ROANOKE, Va. – SOLs in the fall. It is a possibility and a big point of discussion right now among school districts across Virginia.
Pending finalization of all required waivers, the VDOE will not require that students take SOLs for courses they were enrolled in during Spring 2020 in the Fall.
But some districts have requested SOL testing in the fall to determine gaps in learning. If that is allowed, it could be up to individual districts to decide.
Spring testing brings headaches for parents, teachers and students but it also provides important information. That’s why three school districts tell 10 News taking SOLs in the fall have not been ruled out.
“We really feel like it’s a good idea,” said Rob Graham, Radford City School superintendent.
With students out since March, Graham says every school district is doing something to keep students learning but it’s just not the same as face to face instruction in the classroom. Summer slide usually happens every year but now they’re now extending that learning loss to five or six months.
“I feel like if we could get back in the fall and we take the SOL test it’s going to really tell us what our students need as far as remediation goes,” said Graham.
Henry County hasn’t ruled it out either.
“We know testing tends to carry a stigma of stress for students and we certainly don’t want that but we also want them to have every advantage. We know that there are some school divisions who feels strongly against doing the testing in the fall. Certainly it depends on the student population, the student needs and whether that demonstration of growth is going to be important for each individual student,” said Monica Hatchett, Henry County schools Director of Communications. “As a parent I would say it’s a good opportunity for me to look at where my child stands and then to know where we need to go from there.”
Franklin County says being able to track student growth is one of the biggest advantages to a fall SOL.
“At least these tests aren’t make-or-break, they’re just for us to be able to determine whether over the course of time we’ve seen some potential growth,” said Mark Church, Franklin County superintendent.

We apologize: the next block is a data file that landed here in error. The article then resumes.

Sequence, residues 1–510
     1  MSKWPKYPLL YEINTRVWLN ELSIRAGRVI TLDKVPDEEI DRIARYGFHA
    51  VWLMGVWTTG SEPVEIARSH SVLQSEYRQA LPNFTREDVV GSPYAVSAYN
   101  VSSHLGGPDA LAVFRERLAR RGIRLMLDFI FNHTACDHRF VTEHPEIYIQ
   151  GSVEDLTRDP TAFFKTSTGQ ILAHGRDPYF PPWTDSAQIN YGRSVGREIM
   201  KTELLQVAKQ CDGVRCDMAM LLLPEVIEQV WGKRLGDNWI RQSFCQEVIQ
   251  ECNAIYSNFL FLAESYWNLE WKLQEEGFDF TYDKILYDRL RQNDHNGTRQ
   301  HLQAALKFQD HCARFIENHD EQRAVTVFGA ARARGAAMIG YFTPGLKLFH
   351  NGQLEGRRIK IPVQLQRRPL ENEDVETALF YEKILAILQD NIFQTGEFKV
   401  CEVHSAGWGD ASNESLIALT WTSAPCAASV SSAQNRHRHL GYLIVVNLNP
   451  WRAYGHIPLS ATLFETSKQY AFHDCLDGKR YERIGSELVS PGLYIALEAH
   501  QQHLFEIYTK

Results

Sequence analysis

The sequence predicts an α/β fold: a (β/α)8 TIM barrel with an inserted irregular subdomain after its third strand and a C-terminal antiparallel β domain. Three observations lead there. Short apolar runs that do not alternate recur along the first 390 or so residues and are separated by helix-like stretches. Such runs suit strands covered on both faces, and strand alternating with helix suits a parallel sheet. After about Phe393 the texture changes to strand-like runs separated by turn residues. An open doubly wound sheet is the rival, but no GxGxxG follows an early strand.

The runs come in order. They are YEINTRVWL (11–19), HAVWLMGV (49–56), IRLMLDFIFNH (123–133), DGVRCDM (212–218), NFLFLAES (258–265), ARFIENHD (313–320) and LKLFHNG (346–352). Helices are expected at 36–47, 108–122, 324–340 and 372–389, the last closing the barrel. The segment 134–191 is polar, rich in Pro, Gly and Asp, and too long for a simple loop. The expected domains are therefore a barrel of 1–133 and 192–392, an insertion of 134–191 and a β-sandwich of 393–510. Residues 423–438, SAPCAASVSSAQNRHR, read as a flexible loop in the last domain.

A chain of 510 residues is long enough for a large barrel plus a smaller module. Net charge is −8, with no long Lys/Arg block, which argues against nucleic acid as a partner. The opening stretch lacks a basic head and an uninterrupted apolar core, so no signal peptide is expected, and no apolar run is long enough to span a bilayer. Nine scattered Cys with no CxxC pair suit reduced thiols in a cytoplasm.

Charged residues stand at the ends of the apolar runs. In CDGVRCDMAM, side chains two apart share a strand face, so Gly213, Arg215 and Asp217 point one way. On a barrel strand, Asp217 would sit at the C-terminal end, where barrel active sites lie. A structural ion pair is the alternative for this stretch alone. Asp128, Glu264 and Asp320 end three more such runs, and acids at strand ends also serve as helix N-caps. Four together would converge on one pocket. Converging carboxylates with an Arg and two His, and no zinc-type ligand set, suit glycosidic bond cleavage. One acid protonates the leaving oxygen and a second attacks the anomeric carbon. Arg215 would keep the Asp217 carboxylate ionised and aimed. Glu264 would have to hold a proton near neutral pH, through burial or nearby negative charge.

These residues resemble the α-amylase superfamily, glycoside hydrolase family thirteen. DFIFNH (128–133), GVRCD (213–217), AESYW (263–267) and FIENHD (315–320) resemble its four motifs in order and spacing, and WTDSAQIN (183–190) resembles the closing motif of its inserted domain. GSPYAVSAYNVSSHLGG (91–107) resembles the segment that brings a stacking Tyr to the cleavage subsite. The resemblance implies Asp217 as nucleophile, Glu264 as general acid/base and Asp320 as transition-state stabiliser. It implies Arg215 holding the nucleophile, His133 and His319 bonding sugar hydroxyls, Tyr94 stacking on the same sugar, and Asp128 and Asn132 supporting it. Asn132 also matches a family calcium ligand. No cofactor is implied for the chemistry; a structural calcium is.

Church also said he is thinking ahead to SOLs in spring 2021.
“We do worry about the academic slide for our students, especially our students of poverty. The shut down will exacerbate the normal academic slide that we see in in the summer,” said Church.
The Virginia Department of Education is addressing the issue on its website saying:
“Even though it is not required, some school divisions have requested whether SOLs can be delivered at the beginning of the Fall term to determine gaps in learning for students due to the recent school closures and/or as a baseline for growth in the 2021 accreditation cycle. If school divisions choose to administer the SOL reading and/or mathematics tests that 3rd through 7th grade students would have taken in spring 2020 during their new grade level in fall 2020, the scores would count as a baseline for growth for the 2021-2022 accreditation ratings."
VDOE spokesperson Charles Pyle says the Virginia Board of Education will have to address the questions in future calls between school division superintendents and Superintendent of Public Instruction Dr. James Lane.
The department is also getting questions from superintendents on many issues including graduation and accreditation. Accreditation is based on many things now, not just SOL scores. Accreditation now includes student growth from one year to the next, in addition to pass rates and attendance.
Pyle says they are aware of all the questions and know they will have to be addressed but doesn’t expect there to be any answers for at least a few weeks. The state board of education meeting that was scheduled for later this month has been cancelled.
“We’re not there yet,” said Pyle. “We’re still addressing immediate concerns about taking care of students while schools are closed.”
“We’re not going to test them to death when they get back in school. I think the number one priority when they get back is to instill that level of learning in them again,” said Graham who is looking into if fall SOLs could take the place of other tests they use for benchmarks.
“This is something that we will have to study further in conjunction with Ben Williams and the VDOE. We do not intend to do this unless there winds up being a reason that we would have to do so. I do not see this as something that we would feel pressured to do,” said Ken Nicely, Superintendent of Roanoke County Public Schools.
Pyle stressed no decisions have been made and there are many discussions that still need to happen.
You can find more frequently asked questions about education, grades, attendance and more on the VDOE website.